If the only reason you can't face getting another dog is because you feel the new one wouldn't replace the old, of course, no two dogs could ever be the same, but having a different dog could prove preferable to having no dog. Do consider this, and you may just want to begin a new unique and perfect bond with another furry friend, who will benefit from the love and care you could clearly offer.

For a comforting read, I recommend: Goodbye Dear Friend: Coming to Terms with a Death of a Pet by Virginia Ironside.


Have a dilemma? Please email Patricia.Marie@lady.co.uk  Please note, while Patricia cannot respond to all emails, she does read them all.


In need of further support? Patricia Marie offers a counselling service in Harley Street, contact details as follows

Trying to cope with SIDS

Posted by Patricia_Marie
Patricia_Marie
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on Friday, 25 April 2014
Dear Patricia Marie,

My niece's closest friend lost her baby of 10 months to SIDS (sudden infant death syndrome) last year.

My niece who was also a godmother to the baby, is now expecting her first child and although she is delighted, she is filled with anxiety about SIDS. I am extremely close to my niece as her parents both died when she was a teenager and she lived with me until she married two years ago.

This should be a happy time for her, but her fear around something happening to the baby is taking all the joy away.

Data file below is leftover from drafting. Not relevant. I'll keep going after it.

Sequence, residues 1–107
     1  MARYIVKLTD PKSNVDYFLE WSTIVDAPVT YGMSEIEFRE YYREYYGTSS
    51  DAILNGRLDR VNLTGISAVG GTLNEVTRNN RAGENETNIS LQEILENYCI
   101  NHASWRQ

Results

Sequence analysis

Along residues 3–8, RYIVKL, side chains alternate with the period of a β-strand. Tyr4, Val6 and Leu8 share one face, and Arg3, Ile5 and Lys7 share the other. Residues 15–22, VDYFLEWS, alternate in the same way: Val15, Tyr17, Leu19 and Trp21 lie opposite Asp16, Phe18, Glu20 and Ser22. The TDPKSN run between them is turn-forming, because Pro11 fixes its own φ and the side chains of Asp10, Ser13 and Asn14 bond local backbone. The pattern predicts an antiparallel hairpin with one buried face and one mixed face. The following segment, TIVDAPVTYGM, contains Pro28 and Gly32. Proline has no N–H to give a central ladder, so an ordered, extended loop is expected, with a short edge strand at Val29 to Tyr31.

What can I do to help her?

Patricia Marie says...

I am very sorry to her your niece is so anxious, but given the circumstances, this is fully understandable. SIDS is devastating, and as your niece was closely connected to her friend and baby, she too experienced a loss. At the time, she was possibly so focused on supporting her friend, that it may not have seemed appropriate to let herself acknowledge that loss, but now she is pregnant, its normal that some of her grief is showing up as anxiety about her own baby, which can also reinforce the tragic loss of her parents.

The key to surviving grief while your pregnant is to surround yourself with people who love, comfort and care for you, and this includes professional care, so do encourage your niece to speak with her midwife, who is there to help with any fears.

Am thinking if your niece has not had any counselling regarding the loss of her parents, bereavement counselling would be of great help to her. Cruse Bereavement is an excellent organisation dedicated to helping those struggling with loss. 0844 477 9400; helpline@cruse.org.uk. The Lullaby Trust can also help, 0808 802 6868; lullaby trust.org.uk. This charity does incredible work to support those who have been affected by the sudden death of a baby or toddler.